Classé CT-M600 & CA-M600 monoblock power amplifiers Page 2
A large toroidal transformer behind the front panel supplies power to three stacked printed-circuit boards behind the transformer. The bottom two boards carry multiple storage capacitors, the top board the relay and housekeeping circuitry. All the audio circuitry, including the 36 output devices, is carried on two six-layer boards mounted either side of the fan tunnel. This allows signal paths to be very short, minimizing any parasitic effects and keeping the amplifier's noise floor very low. The circuit is new rather than developed from earlier Classé designs. Both balanced and unbalanced inputs are provided, but Classé warns that operation from the unbalanced RCA jack is not quite as immune from RF interference as from the balanced XLR. (If the RCA input is used, a jumper needs to be inserted between pins 1 and 3 of the XLR, to tie half of the balanced circuit to ground.) There are two pairs of shrouded speaker terminals to allow easy biwiring, and the amplifier offers a full array of trigger inputs and outputs, Classé's own CAN-Bus control protocol, and IR Remote repeaters, as well as USB and RS-232 ports.
Classé provided me with two sets of accessory feet ($140) to use with the CT-M600s, which use Navcom inserts to provide isolation from vibration.
Several months after I had received the CT-M600s, Classé sent me a pair of CA-M600s. This is the same amplifier, but packaged in Classé's traditional Delta-series enclosure, with its brushed-aluminum front panel curved round to form the side panels. The fan pulls in air from a square slot concealed on the black front-panel insert. I studied both models with their vibration-damped tops removed; under the skin, the two appeared identical, the only apparent difference being the orientation of the toroidal transformer: vertical in the CT-M600, on its side in the 100mm-taller CA-M600. The more domestically acceptable styling of the CA-M600 adds $1000 to the price of a brace of amps.
I used first the CT-M600s, then the CA-M600s, for a total of nine months. In that time I used the amplifiers with a wide variety of loudspeakers, from the current-hungry Focal Maestro Utopia IIIs (reviewed in July 2010), the miniature and exquisite Harbeth P3ESRs (reviewed in August 2010), to the supersensitive, horn-loaded Acapella High Violoncello IIs (reviewed in September 2010) and the weird and wonderful Gradient Helsinki 1.5 dipoles (reviewed in November 2010). Following the return of the Gradients, I returned to the Harbeths to review some digital source components. In all that time, I never felt I had a handle on the sound of the Classé amplifiers.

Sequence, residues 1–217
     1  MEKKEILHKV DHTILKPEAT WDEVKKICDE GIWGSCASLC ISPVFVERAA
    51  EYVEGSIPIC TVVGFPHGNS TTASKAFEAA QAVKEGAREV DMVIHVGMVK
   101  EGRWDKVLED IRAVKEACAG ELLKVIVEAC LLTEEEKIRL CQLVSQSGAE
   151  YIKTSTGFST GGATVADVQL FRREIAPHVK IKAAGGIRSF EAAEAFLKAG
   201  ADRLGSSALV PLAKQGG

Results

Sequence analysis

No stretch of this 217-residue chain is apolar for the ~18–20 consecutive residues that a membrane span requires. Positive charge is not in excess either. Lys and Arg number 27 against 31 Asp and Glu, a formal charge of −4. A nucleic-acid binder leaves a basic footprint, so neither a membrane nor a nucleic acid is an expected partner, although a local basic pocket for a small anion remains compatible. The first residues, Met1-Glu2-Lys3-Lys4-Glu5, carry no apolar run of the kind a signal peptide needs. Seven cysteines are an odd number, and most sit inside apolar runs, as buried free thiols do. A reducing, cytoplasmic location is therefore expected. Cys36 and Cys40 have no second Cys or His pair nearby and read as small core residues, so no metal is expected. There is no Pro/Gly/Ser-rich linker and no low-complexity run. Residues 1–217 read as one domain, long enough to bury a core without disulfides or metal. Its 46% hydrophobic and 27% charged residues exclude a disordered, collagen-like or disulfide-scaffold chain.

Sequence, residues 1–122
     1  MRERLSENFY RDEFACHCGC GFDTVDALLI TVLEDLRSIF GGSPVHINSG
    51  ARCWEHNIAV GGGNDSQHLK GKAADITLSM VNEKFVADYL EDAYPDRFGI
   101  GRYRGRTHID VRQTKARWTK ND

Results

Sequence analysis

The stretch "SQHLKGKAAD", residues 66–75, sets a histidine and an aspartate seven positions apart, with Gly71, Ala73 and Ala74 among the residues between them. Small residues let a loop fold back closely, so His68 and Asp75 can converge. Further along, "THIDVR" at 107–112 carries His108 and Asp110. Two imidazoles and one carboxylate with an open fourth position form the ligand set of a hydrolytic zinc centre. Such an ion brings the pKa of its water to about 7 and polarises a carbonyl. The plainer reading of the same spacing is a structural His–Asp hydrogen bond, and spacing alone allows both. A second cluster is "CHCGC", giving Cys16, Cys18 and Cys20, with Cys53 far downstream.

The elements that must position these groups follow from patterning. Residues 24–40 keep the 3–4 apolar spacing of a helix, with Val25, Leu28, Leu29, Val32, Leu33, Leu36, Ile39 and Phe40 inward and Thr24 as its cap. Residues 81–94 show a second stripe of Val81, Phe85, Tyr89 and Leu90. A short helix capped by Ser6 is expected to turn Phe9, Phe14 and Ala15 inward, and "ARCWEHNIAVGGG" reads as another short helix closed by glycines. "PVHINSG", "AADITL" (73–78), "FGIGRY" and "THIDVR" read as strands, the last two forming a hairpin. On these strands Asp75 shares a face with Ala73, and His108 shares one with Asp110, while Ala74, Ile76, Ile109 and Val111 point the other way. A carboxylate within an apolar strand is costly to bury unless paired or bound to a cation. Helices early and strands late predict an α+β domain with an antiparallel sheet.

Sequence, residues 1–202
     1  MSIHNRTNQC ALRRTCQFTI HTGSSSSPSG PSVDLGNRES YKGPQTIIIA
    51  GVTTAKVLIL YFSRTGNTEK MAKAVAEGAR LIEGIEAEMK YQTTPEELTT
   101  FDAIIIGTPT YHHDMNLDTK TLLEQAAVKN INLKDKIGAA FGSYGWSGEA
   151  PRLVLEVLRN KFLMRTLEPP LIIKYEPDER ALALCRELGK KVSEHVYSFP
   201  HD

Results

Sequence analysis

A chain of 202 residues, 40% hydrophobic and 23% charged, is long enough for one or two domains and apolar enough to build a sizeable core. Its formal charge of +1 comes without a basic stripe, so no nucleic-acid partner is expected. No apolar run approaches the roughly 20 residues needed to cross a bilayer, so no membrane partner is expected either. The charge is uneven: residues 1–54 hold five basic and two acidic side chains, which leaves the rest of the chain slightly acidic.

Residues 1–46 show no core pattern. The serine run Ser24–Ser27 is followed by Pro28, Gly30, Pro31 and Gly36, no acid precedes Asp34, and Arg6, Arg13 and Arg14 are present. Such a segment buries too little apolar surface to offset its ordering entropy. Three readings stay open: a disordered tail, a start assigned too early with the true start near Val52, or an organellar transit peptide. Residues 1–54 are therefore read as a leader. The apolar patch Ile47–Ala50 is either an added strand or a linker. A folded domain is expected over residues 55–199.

And as I prepare to send this review off for copyediting, I still don't. In either of its guises, the 'M600 is the consummate chameleon.
Yes, I could draw comparisons with other high-performance amplifiers. The Parasound Halo JC 1 monoblock, for example, sounded more intense in the treble. But that doesn't mean the Classé sounded dull. Far from it. Yes, it had a firmer grip on the Focal's big woofers than did the Simaudio Moon Evolution W-7, but that doesn't mean it sounded lean. Far from it. Yes, I enthused about the transparency of the NAD M2 Direct Digital amplifier (reviewed in March 2010) fed straight digital data via S/PDIF. But that doesn't mean the 'M600s didn't sound transparent. Far from it. Yes, one reason I had bought the No.33Hes was the enormous soundstage they threw, but that doesn't mean the Classés' soundstage was any less expansive than my memory of the Levinsons'. Far from it.
Whatever speakers I used with the Classé monoblocks, each pair of speakers sounded more like themselves than they did with other good amplifiers. Whatever recordings I played through the 'M600s sounded more like themselves. With both speakers and recordings, it was if the colors in the sonic picture were more intensely saturated. The amplifiers' deathly quiet level of background noise allowed them to step out of the way of musical details that I have rarely experienced from electronics. Their enormous dynamic range allowed musical climaxes to be reproduced in full measure, even with modest speakers that you'd think would be overtaxed.
As I finish writing this review, the CA-M600s are driving the Harbeth P3ESRs. The front-end is the dCS Debussy processor taking USB data from my Mac mini running PureMusic with AudioQuest's new Coffee cable. There's no preamp in the system. I'm using the Debussy's own volume control, with balanced AudioQuest Wild cables feeding the amplifiers and AudioQuest Wild speaker cables hooking up the Harbeths. Paul Simon is singing "Hearts and Bones," ripped in Apple Lossless from Negotiations & Love Songs (CD, Warner Bros. 25789-2). It is hard to believe the hi-fi experience can get any better than this. I know that's not the way the world is, baby, but at this moment, it is all I need.
There seems to be a feeling in some quarters of audiophilia that to get state-of-the-art amplifier sound and performance, you need to pay many tens of thousands of dollars for a product made in tiny numbers from an equally tiny company. By contrast, the Classé CT-M600 and CA-M600 come from a mainstream manufacturer, though they are still expensive amplifiers. But they are nowhere near as expensive as the artisanal models, and they are the best-sounding amplifiers I have auditioned in my system. It is going to be difficult to let them go. Maybe I won't.